Cybercriminals are fully embracing ransomware. Ransomware, a specific form or malware, which encrypts files and extorts money from victims, is quickly becoming a favorite among criminals. It is easy to develop, simple to execute, and does a very good job at compelling users to pay in order to regain access to their precious files or systems. Almost anyone and every business is a potential victim. More importantly, people are paying. Even law enforcement organizations have fallen victim, only to cede defeat and pay the criminals to restore access to their digital files or computers.
In just the first half of 2015 the number of ransomware samples has exploded with a near ~190% gain. Compare that to the 127% growth for the whole of 2014. We predicted a spike in such personal attacks for this year, but I am shocked at how fast code development has been accelerated by the criminals.
Total ransomware has quickly exceeded 4 million unique samples in the wild. If the trend continues, by the end of the year we will have over 5 million types of this malware to deal with.
Cybercriminals have found a spectacular method of fleecing a broad community of potential victims. Ransomware uses proven technology to undermine security. Encryption, the long-time friend of cybersecurity professionals, can also be used by nefarious elements to cause harm. It is just a tool. How it is wielded determines if it is beneficial or caustic. In this case, ransomware uses encryption to scramble select data or critical systems files in a way only recoverable by a key they possess. The locked files never leave the system, but are unusable until decrypted. Attackers then offer to provide the key or an unlocking service for a fee. Normally in the hundreds of dollars, the fee is typically requested in the form of a cryptocurrency like Bitcoin. This makes the payment transaction un-revocable and almost impossibly difficult to track attribution and know who is on the receiving end.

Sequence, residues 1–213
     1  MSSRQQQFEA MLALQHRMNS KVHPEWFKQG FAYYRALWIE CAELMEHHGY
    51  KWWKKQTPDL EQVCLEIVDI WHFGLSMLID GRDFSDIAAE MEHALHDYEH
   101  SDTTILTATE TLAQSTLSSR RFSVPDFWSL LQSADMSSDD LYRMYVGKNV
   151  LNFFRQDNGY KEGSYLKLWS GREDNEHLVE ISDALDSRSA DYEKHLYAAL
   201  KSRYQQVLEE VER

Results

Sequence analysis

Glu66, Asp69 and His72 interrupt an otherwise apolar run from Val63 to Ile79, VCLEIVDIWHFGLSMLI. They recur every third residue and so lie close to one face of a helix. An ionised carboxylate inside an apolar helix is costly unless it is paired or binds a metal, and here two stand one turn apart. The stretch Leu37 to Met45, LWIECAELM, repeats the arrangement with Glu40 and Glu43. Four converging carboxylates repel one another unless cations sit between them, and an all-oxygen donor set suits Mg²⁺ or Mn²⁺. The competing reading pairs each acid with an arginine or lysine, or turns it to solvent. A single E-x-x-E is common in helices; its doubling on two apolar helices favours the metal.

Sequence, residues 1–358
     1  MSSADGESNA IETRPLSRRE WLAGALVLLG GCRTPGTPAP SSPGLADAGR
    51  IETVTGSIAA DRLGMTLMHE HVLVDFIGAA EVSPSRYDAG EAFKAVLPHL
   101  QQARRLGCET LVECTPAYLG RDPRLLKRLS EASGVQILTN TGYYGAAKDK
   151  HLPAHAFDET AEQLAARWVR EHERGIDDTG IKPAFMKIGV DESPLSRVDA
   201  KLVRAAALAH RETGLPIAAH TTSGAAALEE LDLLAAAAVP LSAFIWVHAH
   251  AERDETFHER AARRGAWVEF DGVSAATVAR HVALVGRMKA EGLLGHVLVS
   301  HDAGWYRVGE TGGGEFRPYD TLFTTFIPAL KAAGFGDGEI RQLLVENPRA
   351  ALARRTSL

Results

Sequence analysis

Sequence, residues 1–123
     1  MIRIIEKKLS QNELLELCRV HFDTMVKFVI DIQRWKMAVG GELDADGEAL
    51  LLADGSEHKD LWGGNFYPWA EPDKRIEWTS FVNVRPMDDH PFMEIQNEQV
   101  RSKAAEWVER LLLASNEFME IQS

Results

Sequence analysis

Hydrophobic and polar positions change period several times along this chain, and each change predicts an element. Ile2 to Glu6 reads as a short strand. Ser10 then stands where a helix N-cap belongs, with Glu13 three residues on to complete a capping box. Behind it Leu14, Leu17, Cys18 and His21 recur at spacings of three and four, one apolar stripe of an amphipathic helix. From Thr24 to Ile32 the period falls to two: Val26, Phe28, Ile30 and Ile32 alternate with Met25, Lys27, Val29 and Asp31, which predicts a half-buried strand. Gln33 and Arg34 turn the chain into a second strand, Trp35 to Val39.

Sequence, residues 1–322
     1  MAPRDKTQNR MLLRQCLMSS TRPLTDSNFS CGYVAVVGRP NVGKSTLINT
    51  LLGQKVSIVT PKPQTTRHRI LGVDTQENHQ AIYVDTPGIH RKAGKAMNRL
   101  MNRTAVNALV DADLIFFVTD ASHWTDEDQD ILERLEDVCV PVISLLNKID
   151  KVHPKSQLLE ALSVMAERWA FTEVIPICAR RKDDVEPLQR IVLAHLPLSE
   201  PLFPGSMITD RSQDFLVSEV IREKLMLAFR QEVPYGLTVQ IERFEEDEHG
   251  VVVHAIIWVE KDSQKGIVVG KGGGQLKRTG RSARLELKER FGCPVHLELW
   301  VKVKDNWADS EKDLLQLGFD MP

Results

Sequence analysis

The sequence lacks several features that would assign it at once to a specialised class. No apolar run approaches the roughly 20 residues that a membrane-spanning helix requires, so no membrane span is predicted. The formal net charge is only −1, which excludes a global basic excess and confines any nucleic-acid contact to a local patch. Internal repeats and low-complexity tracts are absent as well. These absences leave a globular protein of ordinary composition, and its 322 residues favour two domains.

This type of an attack is very personal in nature and specific in what it targets. It may lock treasured pictures, game accounts, financial records, legal documents, or work files. These are important to us personally or professionally and is a strong motivator to pay the criminals.
Payment simply reinforces the motivation to use this method again by the attackers and adds resources for continued investment in new tools and techniques. The technical bar for entry into this criminal activity is lowering as malware writers are making this type of attack easier for anyone to attempt. In June, the author of the TOX variant offered ransomware as a service. The criminal made available software for other criminals to distribute. It would handle all the back-end transactions and provide the author a 20% skim of ransoms being paid. Fortunately, the author was influenced to a better path after being exposed by Intel Security. More recently an open source kit, named Hidden Tear, was developed for novices to create their own fully function ransomware code. Although not too sophisticated, it is a watershed moment showing just how accessible making this type of malware is becoming. I expect future open source and software-as-a-service efforts to rapidly improve in quality, features, and availability.
Ransomware will continue to be a major problem. More sophisticated cybercriminals will begin integrating with other exploitation techniques such as malvertizing ad-services, malicious websites, bot uploads, fake software updates, waterhole attacks, spoofed emails, personalized phishing, signed Trojan downloads, etc. Ransomware will grow, more people and business will be affected, and it will become more difficult to recover without paying the ransom. The growth in new ransomware samples is an indication of things to come.